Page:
# The Sally Clark Case: When Data Analysis Goes Badly Wrong

A tragic tale of the misapplication of probability.

Markus Winkler via Unsplash

In today's integrated and interconnected world, we are surrounded by data. Data is growing at quite an extraordinary rate and so much more is being collected to improve decisions regarding every facet of human life. In sports, retail, start-ups, governments and businesses, the reliance on data has never been more pronounced.

Given the degree to which we are beholden to and reliant on data, what happens, when we fail to interpret what's been presented to us accurately?

Sally Clark.

In November 1999, Sally Clark became the greatest victim of the greatest miscarriage of justice in modern British history, when she was convicted of murdering her two infant children. The first child that she gave birth to died within a few weeks of birth in December 1996 and the other child died in similar circumstances in January 1998.

The prosecution relied on evidence provided by a pediatrician professor, who said that the chances of "two cot deaths" in an affluent family was 1 in 73,000,000. An event so rare, that the only conclusion that the prosecution came to was that Sally Clark was responsible for the deaths of her babies.

However to all data scientists, the questions that should have been posed by the Crown Prosecution Service (the prosecutors in England) are as follows:

· How was the probability of 1 in 73 million calculated?

· What assumption has been made? Is the assumption valid?

· Even if the probability is correct, how do you think that might be misinterpreted?

Misapplication of probability

The statistics for the 1 in 73 million deaths from sudden infant death syndrome came from a body called Confidential enquiry for stillbirths and deaths in infancy (CEDSI). According to CEDSI, the odds of a random child dying from cot death is 1 in 1303, and this falls further, if the child is from an affluent non-smoking family to 1 in 8500.

The probability of 1 in 73 million came from squaring 1/8543, which was what was used in convicting Sally Clark, back in 1999.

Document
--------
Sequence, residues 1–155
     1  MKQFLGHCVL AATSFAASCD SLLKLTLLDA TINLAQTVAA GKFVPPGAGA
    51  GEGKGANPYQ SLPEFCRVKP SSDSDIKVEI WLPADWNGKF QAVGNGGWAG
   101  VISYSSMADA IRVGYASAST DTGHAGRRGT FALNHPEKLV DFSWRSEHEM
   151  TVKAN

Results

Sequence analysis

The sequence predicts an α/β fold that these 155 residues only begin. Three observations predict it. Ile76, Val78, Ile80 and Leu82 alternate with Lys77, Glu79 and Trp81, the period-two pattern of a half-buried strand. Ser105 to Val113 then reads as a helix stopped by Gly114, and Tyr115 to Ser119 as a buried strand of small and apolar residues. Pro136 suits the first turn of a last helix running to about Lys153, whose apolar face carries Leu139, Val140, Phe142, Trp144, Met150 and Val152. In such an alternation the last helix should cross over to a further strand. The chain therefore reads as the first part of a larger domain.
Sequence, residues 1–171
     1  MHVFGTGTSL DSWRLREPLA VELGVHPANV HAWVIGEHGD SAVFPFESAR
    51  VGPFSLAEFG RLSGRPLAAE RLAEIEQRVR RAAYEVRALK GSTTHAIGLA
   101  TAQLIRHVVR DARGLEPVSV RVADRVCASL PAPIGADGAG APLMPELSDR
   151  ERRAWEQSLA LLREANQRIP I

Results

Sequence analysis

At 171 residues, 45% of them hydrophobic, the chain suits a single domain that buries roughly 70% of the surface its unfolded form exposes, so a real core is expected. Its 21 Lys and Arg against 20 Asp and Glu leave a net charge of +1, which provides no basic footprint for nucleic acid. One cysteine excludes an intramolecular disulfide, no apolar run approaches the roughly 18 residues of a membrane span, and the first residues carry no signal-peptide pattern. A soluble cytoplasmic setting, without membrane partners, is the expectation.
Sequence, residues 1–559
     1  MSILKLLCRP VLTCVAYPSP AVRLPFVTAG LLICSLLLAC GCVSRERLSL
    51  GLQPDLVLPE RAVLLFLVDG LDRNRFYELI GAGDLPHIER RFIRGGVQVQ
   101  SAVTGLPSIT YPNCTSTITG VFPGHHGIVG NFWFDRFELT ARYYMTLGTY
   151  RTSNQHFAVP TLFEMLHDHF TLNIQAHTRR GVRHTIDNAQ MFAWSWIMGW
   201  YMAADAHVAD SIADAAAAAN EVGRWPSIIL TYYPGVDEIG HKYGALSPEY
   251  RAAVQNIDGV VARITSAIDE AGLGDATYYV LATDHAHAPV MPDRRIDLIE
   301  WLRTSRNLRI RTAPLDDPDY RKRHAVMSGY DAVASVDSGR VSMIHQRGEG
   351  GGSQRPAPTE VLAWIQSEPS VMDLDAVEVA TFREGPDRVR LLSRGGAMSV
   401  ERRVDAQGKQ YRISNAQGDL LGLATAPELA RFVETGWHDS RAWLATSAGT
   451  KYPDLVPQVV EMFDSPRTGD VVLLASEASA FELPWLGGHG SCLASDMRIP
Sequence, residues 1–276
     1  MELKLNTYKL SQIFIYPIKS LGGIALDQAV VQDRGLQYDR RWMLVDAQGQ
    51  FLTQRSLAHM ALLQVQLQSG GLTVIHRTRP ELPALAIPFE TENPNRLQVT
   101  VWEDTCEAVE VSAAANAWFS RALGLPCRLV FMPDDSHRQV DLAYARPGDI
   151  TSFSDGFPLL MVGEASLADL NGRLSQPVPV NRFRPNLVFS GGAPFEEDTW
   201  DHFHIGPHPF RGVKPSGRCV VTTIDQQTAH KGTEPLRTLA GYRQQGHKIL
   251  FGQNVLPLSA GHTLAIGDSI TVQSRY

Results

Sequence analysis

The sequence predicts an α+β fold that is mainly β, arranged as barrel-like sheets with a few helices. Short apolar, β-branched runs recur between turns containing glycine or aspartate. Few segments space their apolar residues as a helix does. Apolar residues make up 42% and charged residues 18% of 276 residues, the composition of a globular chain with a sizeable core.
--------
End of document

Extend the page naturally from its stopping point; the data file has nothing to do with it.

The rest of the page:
According to Professor Ray Hill, he had the following to say on the flawed statistics:

He estimates that siblings of children who die of cot death are between 10 and 22 times more likely than average to die the same way. Using the figure of 1 in 1,303 for the chance of a first cot death, we see that the chances of a second cot death in the same family are somewhere between 1 in 60 and 1 in 130. There isn't enough data to be more precise, or to take familial factors into account, but it seems reasonable to use a ballpark figure of 1 in 100.

Multiplying 1/1,303 by 1/100 gives an estimate for the incidence of double cot death of around 1 in 130,000. Since 650,000 children are born every year in England and Wales, we can expect around 5 families to suffer a second tragic loss - and this is backed up by the FSID, who say that they hear of one or two such cases every year. Compare this to the figure quoted in Sally Clark's trial, which implied that double cot deaths were so rare that we could expect to them to happen once in a century!

Bayesian network analysis courtesy of YouTube

To the lawyers prosecuting the case, what they presented to the jury was the interpretation of data handed to them by CEDSI. The big mistake of the prosecution team was not to use "Bayes Theorem", which would have better explained the data properly to them in the very first place.

In non-mathematical language, Bayes Theorem allows you to separate how likely alternative explanations of an event are, from how likely it was that the event should have happened in the first place.

The interpretation of data, using Bayes Theorem, might prevented everything that happened subsequently to Sally Clark.

This is carefully explained in the video above.

Sally Clark And The Miscarriage of Justice

Because of the flaws in the evidence given by the experts, Sally Clark was convicted in 1999 and her first appeal in the year 2000 was dismissed.

At her second appeal, in January 2003, her conviction was quashed, owing to much sounder interpretation of data, surrounding cot deaths and the sudden infant deaths syndrome.

By the time she was released from jail, the damage was already done. Sally Clark, by virtue of the fact of being the daughter of a policeman and a solicitor, she endured great difficulty in jail.

Immense damage was done to her mental health and she died for alcohol poisoning in March 2007.

The sally Clark episodes goes to show what happens when we misinterpret data to fulfill some political objective and the tragic damage that it can do to people's lives.

References

Helen Joyce of the Plus Magazine

Professor Ray Hill of Salford University.

John Haigh: Taking Chances.

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